Understanding HAZMAT Placards

Posted by Sam Cates on June 7, 2017 - 8:03 AM
Info about HAZMAT placards

What HAZMAT placards can tell you about a shipment

Have you ever noticed diamond-shaped signs on the back or sides of a semi-truck trailer and wondered what they were or why they were there? These colorful labels are known as hazardous material placards, or HAZMAT placards, and they provide details about what kind of cargo the truck is carrying. The United States Department of Transportation (DOT) requires these HAZMAT signs when moving more than 1,000 pounds of hazardous cargo within the U.S. and on some hazardous commodities regardless of weight. If you’re curious about what each of these HAZMAT symbols mean, or if you’re a shipper and need help deciding which placard is right for your shipment, use this hazardous material guide to learn more.  

Types of DOT placards

Hazardous materials include, but aren’t limited to explosives, flammable and combustible liquids, and poisons. Due to the potential risks and consequences involved with these materials, they’re strictly monitored by carriers, the DOT and emergency personnel while in transit to ensure the safety of the public. HAZMAT placarding helps with these efforts because it allows substances to be quickly identified in case of emergency. Safety protocols are in place for each type of material.

Because hazardous freight is divided into nine classes, there are nine main types of placards. Here’s what each of those look like and what they mean:

  1. Hazard Class 1: Class 1 hazards are explosives or any devices or chemicals that are designed to explode or combust. Class 1 explosives are illustrated by an orange placard with their designated hazard class, division number or compatibility letter displayed at the bottom. Some also feature an explosion graphic. There are six different classifications in the explosive class, marked by a sub class number of 1.1 through 1.6, to indicate the type of hazard. Class 1 hazardous materials also have compatibility letters, marked A-S, to help signify what other products are safe to travel with them.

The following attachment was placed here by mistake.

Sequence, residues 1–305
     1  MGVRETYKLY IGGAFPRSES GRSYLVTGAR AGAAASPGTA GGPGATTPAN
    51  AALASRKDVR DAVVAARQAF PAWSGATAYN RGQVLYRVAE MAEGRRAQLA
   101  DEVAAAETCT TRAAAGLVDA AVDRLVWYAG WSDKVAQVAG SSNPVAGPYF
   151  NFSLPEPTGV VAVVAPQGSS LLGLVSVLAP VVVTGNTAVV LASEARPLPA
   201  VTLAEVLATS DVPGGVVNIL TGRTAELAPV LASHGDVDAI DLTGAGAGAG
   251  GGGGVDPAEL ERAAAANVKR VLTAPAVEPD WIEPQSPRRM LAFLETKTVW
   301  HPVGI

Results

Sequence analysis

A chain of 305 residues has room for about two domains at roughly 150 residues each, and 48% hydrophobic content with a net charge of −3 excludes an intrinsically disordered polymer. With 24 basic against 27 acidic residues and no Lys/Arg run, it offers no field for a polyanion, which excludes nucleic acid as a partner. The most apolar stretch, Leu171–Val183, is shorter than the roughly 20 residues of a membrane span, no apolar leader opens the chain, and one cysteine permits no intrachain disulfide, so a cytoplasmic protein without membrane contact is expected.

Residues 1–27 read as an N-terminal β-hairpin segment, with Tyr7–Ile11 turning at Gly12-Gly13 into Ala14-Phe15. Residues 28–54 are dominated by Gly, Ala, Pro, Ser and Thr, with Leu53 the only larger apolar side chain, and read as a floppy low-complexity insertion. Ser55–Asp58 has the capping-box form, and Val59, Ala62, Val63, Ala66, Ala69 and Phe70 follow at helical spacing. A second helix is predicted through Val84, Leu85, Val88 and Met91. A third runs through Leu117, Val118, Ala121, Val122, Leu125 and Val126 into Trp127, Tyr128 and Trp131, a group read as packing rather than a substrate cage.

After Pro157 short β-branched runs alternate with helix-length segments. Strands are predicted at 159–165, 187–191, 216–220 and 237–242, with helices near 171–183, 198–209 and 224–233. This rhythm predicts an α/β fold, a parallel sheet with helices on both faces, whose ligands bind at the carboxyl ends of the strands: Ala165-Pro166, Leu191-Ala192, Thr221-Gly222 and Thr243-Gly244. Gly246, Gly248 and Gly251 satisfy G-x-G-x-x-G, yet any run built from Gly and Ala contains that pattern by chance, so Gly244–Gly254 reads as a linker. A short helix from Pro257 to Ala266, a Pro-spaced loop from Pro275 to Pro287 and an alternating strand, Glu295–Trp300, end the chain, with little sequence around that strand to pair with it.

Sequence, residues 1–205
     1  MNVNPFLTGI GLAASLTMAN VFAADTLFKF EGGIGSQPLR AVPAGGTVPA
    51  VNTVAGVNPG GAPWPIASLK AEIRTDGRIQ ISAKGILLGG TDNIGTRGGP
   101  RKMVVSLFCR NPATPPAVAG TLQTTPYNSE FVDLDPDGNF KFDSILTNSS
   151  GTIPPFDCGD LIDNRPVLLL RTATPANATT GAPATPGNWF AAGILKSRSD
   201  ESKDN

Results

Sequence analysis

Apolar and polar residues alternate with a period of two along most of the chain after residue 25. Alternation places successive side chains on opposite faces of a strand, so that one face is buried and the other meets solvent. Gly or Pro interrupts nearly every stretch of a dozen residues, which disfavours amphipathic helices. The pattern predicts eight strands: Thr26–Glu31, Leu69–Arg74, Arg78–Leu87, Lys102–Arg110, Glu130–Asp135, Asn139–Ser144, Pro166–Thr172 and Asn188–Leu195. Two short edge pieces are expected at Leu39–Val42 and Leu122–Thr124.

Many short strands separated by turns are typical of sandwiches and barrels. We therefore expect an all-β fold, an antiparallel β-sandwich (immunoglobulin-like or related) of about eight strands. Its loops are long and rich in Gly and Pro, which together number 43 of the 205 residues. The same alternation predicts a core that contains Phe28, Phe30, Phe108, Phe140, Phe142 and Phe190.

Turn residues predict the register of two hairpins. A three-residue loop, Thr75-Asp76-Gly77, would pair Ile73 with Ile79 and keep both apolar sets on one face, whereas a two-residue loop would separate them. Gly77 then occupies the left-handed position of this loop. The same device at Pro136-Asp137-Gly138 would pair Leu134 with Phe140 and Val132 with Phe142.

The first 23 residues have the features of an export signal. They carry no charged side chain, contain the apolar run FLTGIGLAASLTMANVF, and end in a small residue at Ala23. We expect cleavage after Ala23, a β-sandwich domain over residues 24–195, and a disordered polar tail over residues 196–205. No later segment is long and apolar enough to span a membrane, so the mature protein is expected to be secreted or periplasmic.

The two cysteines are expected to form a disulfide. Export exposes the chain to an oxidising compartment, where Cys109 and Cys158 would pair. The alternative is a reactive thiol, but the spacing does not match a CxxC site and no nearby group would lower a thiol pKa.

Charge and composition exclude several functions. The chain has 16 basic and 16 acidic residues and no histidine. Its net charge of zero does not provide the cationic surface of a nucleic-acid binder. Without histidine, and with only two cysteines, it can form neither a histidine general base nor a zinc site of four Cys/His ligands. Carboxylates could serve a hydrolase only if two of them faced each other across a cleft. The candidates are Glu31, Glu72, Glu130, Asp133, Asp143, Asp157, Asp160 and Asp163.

The six Class 1 sub classifications are:
  • Class 1.1: Products with a potential to create a mass explosion.
  • Class 1.2: Products with a potential to create a projectile hazard.
  • Class 1.3: Products with a potential to create a fire or minor blast.
  • Class 1.4: Products with no significant risk of creating a blast or hazard.
  • Class 1.5: Products considered very insensitive, that are used as blasting agents.
  • Class 1.6: Products considered extremely insensitive, with no risk to create a mass explosion.

 

  1. Hazard Class 2: Class 2 hazards are compressed gases, which are divided into four categories: flammable/combustible gases, non-flammable/non-poisonous gases, toxic/poisonous gases, and oxygen.
The four Class 2 placards are:
  • A red sign, with a flame graphic on the top portion and the hazard class No. 2 displayed at the bottom. “Flammable gas” is sometimes spelled out. Flammable gases include ethyl chloride and liquefied petroleum gases.
  • A green sign, with “non-flammable gas” displayed in the middle. The hazard class No. 2 is noted at the bottom and a graphic of a gas canister is at the top. Non-flammable/poisonous gases include carbon dioxide, compressed helium, nitrogen and helium.